Another interesting topic is of course the 3 consecutive rate cuts (in 10 days) by the Danish Central Bank, that lowered it deposit rate to a record low of -0.5% to defend its peg and keep the Danish kroner (DKK) close to 7.46 per Euro (ERM II since 1999). EURDKK went down below 7.43; we will see this week how much policymakers spent in January in order to counter a DKK appreciation (some reports estimated that the central bank had to sell more than DKK 100bn). As a consequence (of the NIRP policy), a local bank – Nordea Kredit – is now offering a mortgage with a negative interest rate.
I believe the Danish krone is a currency to watch (in addition to the CHF) this month if the situation in Greece deteriorates.

A Weak Swiss Franc…
Since the SNB surprise, the Swiss has remained weak against the major currencies, with USDCHF up 7 figures  (trading currently at 0.93) and EURCHF up from parity to 1.0550. Analysts slashed their forecast for this year and are now predicting a recession (-0.5% according to the KOF Swiss Economic Institute). I like the chart below which shows the 12-month Probability of the top 10 countries to fall into recession in the coming months according to Bloomberg economist surveys.

Probarecession(Source: Bloomberg)

Japan and JPY still under threat over the long-run
In Japan, the 10-year JGB yield rose by 9bp in the last 10 days and is now trading at 29bps. USDJPY tumbled below 117 overnight on Grexit comments and Chinese manufacturing PMI contraction in January (49.8 vs. 50.2 expected), breaking its 117.25 support and extending its trading range to 116 – 118.75. ‘Buyers on dips’ reversed the trend and the pair is now trading at 117.60.
If we look at the long-run perspective in Japan, late macro indicators showed us that Abe’s government will have to do more. Real wages are still declining and fell the most in almost 5 years and the economy has now entered in a triple-dip recession (0.5% contraction QoQ in Q3). On the top of that, inflation has been weakening for the past 8 months as energy prices (mainly weak crude oil) weight on Japanese core inflation rate.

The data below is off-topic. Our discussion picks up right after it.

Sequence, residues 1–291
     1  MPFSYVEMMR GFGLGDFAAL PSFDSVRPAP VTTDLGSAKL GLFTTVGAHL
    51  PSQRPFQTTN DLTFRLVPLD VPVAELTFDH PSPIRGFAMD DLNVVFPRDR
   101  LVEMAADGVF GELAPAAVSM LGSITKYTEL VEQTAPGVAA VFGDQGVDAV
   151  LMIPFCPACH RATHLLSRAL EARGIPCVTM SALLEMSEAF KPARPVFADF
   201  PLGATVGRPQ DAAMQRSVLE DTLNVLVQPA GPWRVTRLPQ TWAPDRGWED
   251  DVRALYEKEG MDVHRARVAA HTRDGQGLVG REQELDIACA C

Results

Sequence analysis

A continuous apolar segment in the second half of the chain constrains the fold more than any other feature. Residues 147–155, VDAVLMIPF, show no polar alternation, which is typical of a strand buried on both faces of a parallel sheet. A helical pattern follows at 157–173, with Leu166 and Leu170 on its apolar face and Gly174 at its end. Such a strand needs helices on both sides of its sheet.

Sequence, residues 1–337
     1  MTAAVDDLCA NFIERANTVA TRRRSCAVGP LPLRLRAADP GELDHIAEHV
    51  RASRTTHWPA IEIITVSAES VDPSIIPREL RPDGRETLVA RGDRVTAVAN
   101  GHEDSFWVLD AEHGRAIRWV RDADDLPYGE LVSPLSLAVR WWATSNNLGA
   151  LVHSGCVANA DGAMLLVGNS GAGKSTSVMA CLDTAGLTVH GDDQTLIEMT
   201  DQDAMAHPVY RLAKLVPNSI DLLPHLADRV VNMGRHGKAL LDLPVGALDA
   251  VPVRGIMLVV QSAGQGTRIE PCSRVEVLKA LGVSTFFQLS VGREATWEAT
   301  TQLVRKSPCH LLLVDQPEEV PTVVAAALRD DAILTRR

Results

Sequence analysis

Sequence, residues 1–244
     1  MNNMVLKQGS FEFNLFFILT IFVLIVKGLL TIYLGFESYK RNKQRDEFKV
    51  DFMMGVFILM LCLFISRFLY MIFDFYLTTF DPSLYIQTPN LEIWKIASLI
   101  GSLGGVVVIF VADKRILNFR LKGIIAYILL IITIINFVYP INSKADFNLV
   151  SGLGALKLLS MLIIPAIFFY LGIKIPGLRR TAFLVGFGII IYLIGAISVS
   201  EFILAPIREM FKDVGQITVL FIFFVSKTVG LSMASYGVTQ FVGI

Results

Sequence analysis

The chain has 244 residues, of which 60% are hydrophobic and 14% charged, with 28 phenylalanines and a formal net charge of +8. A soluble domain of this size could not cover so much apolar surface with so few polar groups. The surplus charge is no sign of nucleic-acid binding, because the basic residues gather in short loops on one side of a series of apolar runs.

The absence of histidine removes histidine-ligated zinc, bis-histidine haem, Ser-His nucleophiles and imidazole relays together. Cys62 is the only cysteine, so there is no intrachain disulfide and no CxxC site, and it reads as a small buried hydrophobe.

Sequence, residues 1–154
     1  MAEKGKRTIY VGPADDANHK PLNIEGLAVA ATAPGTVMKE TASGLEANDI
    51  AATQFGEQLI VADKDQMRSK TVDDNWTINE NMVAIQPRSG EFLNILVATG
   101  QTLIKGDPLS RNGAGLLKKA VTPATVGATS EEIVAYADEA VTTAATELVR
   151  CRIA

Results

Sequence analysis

In addition, we saw that Japan plans a record budget deficit for next fiscal year (starting April 1st 2015) to support the economy. FinMin Taro Aso reported that government minister and the ruling coalition parties approved a 96.34tr Yen budget proposal for FY2015/2016. And I believe that we haven’t reached the peak yet, as Japan’s aging population (i.e. increasing social security spending) will ‘force’ the government to print larger and larger deficits. The IMF predicts that the country’s debt-to-GDP ratio will increase to 245% in 2015. It clearly shows that the USDJPY trend is not over yet, and there is further JPY weakness (and USD strength) to come.

On the other side of the Pacific Ocean, the US economy cooled in the fourth quarter. After the 5-percent Q3 print, GDP expanded at a 2.6% annual pace in the fourth quarter (first estimate). Net exports was the largest detractor from Q4 GDP (-1.02%) as imports grew faster than exports. King Dollar continues to benefit from the global weakness with the USD index trading slightly below 95. The equity market still handles the Fed’s withdrawal from the Bond Market with the S&P500 trading around 2,000 (looks like it is out of energy though), while US Treasury yields are compressing to new lows. The 10-year and the 30-year yields are trading at 1.67% and 2.25% respectively (which is quite concerning), and it seems the trend is not over yet. In regards to the inflation rate (that plummeted to 0.8% in December), the Fed delivered a hawkish statement last Wednesday (‘strong jobs gains’, ‘solid pace’ for economy), however dropping the entire ‘considerable time’ sentence and adding ‘inflation is anticipating to decline further in the near term’. The implied rate of the December 2015 Fed Funds futures contract is trading 30bps lower at 41 bps, while the December 2016 implied rate decreased by 60bps to 1.05bps in the past 6 weeks.

An important topic to follow this month will be developments in Greece which are moving very fast since the election on Sunday (January 25) and Syriza’s victory. ECB council Member Erkki Liikanen said over the week end that Greece needs to negotiate a deal before February 28th (when the Greek support program EFSF expires after the 2-month extension approved in December).